This solution takes advantage of how allowing users to edit ranges makes locked cells behave like unlocked cells.

Step 1: Make cells editable so that sorting will work.

Add cells we want to sort to a range and make that range editable in “Allow Users to Edit Ranges.” This allows users to edit these cells when the worksheet is protected, even if they are locked cells.

  1. Select all the cells you would like the user to be able to sort, including their column headings.
  2. Go to the Data tab and click Filter. An arrow should appear next to each column header.
  3. Go to Review tab-> Allow Users to Edit Ranges
    1. Click “New…”
    2. Give the range a title.
    3. “Refers to Cells” should already contain the cells you want to allowing sorting on.
    4. If you want to allow only certain people to sort, give the range a password.
    5. Click “OK”

Step 2: Prevent users from editing these cells

When protecting the worksheet, uncheck “Select Locked Cells” worksheet protection property. This will prevent users from editing the cells.

  1. In the “Allow Users to Edit Ranges” dialog:
    1. Click “Protect Sheet…”
    2. Give the worksheet a password
    3. Uncheck the worksheet protection property called “Select Locked Cells”
    4. Check the “Sort” property and the “AutoFilter” properties
    5. Click “OK”

This solution allows users to use the Auto Filter arrows in the column names or the Sort buttons in the Data tab to sort data. Another benefit is that you have the option of allowing only certain users to sort by giving the range a password. Please note that this range password is separate from the password you set to protect the sheet.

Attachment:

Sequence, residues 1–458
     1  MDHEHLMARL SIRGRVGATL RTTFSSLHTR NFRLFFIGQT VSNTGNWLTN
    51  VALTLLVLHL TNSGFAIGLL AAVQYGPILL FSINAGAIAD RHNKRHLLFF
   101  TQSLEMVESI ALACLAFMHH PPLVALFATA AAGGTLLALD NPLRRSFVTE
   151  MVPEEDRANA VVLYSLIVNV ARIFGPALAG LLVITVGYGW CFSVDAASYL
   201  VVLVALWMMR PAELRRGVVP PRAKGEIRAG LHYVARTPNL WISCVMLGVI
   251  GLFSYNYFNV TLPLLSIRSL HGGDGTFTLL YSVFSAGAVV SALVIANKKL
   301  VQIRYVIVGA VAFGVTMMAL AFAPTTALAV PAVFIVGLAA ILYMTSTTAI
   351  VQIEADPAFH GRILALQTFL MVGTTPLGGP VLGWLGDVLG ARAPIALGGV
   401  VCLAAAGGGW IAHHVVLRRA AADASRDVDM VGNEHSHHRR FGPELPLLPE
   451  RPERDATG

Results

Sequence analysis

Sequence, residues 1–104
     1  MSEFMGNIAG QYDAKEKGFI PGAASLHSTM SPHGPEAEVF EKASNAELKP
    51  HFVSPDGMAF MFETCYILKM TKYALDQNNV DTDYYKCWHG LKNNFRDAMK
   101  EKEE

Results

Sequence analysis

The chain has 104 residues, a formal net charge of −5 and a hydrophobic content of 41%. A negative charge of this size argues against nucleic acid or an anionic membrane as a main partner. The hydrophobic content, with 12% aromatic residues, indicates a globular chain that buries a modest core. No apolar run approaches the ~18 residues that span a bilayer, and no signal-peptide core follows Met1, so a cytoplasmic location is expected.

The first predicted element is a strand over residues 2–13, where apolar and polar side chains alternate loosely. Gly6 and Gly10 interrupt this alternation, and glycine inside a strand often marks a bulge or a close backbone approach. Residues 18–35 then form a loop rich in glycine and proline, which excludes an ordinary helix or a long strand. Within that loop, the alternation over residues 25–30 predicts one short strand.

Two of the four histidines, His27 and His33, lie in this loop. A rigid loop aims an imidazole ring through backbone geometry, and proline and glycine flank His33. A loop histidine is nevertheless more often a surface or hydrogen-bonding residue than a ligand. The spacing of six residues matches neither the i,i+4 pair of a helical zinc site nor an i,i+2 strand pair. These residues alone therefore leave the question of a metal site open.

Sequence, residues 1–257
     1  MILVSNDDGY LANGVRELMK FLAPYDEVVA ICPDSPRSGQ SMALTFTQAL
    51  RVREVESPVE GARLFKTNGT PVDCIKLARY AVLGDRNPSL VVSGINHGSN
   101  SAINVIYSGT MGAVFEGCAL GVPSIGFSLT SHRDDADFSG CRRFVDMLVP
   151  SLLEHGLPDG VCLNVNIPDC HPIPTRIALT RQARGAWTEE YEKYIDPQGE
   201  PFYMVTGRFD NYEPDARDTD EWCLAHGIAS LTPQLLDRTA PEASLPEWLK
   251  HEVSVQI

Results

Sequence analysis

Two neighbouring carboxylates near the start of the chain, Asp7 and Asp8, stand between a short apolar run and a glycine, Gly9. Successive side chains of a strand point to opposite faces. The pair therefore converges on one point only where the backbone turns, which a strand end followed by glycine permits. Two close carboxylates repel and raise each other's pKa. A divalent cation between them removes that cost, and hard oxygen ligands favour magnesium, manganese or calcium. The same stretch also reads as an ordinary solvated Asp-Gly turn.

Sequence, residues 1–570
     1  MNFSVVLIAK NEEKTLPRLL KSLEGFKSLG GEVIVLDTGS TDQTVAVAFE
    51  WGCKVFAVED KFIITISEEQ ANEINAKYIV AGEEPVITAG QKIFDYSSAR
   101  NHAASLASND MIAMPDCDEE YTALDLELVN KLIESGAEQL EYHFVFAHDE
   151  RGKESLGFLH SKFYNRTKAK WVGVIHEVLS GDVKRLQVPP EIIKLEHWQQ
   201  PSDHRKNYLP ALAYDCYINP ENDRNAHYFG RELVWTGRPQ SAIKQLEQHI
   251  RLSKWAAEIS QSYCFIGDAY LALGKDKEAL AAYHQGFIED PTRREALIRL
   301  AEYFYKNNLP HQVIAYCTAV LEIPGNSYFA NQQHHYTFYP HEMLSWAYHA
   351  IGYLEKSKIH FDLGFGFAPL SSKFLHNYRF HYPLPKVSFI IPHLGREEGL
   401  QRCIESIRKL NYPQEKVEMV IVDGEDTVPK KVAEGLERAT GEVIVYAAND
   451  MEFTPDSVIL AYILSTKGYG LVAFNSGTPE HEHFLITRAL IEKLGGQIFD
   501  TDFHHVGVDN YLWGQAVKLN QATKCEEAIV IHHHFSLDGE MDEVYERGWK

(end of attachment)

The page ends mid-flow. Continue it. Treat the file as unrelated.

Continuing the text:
Solution 2: Using Macros to Allow Locked Cell Sorting

To use a Macro to allowed the sorting of locked cells, you will need to make a macro for every sort operation you would like to allow. For example, ascending sorts and descending sorts would have to be written in separate macros. In addition, not all users have macros enabled because they are a security risk. However, the advantage of macros is that you don’t need to configure your template in any special way.

The macro we will write unprotects the sheet, selects a range called “range1,” sorts range1, and protects the sheet again:

Sub Macro1() 
' Macro1 Macro 
' Keyboard Shortcut: Ctrl+d 
     //unprotect sheet 
     //selects range     
     Application.Goto Reference:="range1"     
     //clears sort
     //does descending sort, sets sort properties 
     ActiveWorkbook.Worksheets("Sheet1").Sort.SortFields.Add Key:=Range("A1"), _
         SortOn:=xlSortOnValues, Order:=xlDescending, DataOption:=xlSortNormal
With ActiveWorkbook.Worksheets("Sheet1").Sort
         .SetRange Range("A1:A4")
         .Header = xlNo
         .MatchCase = False
         .Orientation = xlTopToBottom
         .SortMethod = xlPinYin
     End With
     //protects the work sheet again
     ActiveSheet.Protect DrawingObjects:=False, Contents:=True, Scenarios:= _